Working Mums Pressure IS Real!!!

Working Mother in front of Laptop

I still remember the roller coaster I went through when I first became a mum. All the reading and sessions that I attended before giving birth were not even close to what I had coming. And what made things even more challenging was going back to work after my maternity leave. I immediately understood what working mums have to go through. I felt like my two important worlds (motherhood and career) were collapsing at some point and I was struggling to balance between the two.

That was when I took the decision to take a break from being a full-time employee and become a stay-home-mum while working from home. It might sound like the perfect scenario for some people, but it really wasn’t easy at all. Having to be available at all times as a mum and as an employee put me under constant pressure. I struggled to find the right balance and had to try out different solutions as some days were more challenging than others.

But it all came down to one fact which I realized one day. Acceptance!!! Once I accepted that this is my life and that I had to find the right (daily) balance without perfection, an amazing peaceful feeling filled my heart. I was being too hard on myself and I put high standards that I THOUGHT everyone around me expected of me. Little did I know that only I had this expectation and continuously disappointed myself when I didn’t achieve it.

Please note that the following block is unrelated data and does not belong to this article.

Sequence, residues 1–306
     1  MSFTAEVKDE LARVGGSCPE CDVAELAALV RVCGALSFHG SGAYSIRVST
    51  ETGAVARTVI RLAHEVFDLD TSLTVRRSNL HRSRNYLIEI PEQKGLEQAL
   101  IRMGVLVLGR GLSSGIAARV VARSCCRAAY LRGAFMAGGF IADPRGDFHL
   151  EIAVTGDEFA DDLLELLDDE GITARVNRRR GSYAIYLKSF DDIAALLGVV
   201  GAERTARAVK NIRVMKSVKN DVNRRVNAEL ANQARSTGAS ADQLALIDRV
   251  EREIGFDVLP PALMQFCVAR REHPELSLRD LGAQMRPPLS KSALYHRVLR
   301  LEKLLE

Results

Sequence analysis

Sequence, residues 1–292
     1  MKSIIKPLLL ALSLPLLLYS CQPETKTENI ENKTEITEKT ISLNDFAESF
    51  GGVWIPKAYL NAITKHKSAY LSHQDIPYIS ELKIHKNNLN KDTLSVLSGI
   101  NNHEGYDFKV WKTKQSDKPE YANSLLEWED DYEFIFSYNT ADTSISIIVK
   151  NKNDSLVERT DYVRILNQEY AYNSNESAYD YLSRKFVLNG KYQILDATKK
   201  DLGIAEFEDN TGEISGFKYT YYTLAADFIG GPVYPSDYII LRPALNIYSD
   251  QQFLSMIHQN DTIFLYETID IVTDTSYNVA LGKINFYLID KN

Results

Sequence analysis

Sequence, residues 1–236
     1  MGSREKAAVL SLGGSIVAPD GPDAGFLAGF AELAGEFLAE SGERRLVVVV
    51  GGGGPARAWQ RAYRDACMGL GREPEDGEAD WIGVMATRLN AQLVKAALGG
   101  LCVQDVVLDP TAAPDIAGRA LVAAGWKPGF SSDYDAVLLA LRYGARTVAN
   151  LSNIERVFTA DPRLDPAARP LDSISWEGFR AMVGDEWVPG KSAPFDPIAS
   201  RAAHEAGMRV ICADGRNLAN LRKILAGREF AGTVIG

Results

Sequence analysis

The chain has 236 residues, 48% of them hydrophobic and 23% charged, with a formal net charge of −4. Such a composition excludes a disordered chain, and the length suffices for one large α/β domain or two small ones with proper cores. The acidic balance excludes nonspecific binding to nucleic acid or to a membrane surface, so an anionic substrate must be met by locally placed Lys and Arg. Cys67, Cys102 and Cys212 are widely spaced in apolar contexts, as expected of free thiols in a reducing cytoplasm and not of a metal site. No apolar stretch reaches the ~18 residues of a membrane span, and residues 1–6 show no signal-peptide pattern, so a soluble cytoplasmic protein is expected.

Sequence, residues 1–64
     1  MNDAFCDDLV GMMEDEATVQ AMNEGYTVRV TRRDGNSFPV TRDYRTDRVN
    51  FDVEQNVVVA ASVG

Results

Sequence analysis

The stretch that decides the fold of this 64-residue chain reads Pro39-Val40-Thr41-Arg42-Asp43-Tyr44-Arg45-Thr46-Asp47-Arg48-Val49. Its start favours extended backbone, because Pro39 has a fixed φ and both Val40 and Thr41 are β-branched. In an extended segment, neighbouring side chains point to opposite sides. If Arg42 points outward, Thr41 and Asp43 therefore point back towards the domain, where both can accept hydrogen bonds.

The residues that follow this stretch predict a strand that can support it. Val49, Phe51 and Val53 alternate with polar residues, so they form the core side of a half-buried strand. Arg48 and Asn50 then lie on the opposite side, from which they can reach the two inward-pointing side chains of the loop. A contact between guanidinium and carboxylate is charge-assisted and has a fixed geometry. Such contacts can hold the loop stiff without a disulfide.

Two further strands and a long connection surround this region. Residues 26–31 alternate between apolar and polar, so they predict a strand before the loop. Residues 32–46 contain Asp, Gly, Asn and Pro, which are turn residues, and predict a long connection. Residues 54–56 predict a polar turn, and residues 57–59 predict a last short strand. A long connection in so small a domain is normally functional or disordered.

In her article (The Pressure is Real for Working Mothers), Mary Beth Ferrante explains how millennial mums “are feeling overwhelmed and unsupported during the transition from motherhood to working mother.” She clarifies that due to technology, our “disenchantment with integrating motherhood and work undermines the expectations of our generation. No previous generation has applied more effort in creating a harmonious co-existence between work and life.” It has become difficult to separate between work and motherhood with the advanced technology significantly changing.

Ferrante suggests a solution for companies who want to retain these employees. According to her, working mums “benefit greatly and achieve the most success if their managers are equipped to onboard them back onto the team, remain open to common accommodations (e.g. breaks for pumping, light travel, flexible hours temporarily) and are willing to truly listen and work with the employee to re-engage them.”

It is a shame that with today’s advanced technology, working mums still find themselves in this continuous dilemma. Companies and managers need to adapt new flexible solutions in order to ease mums’ transition back to work without having to quit their careers.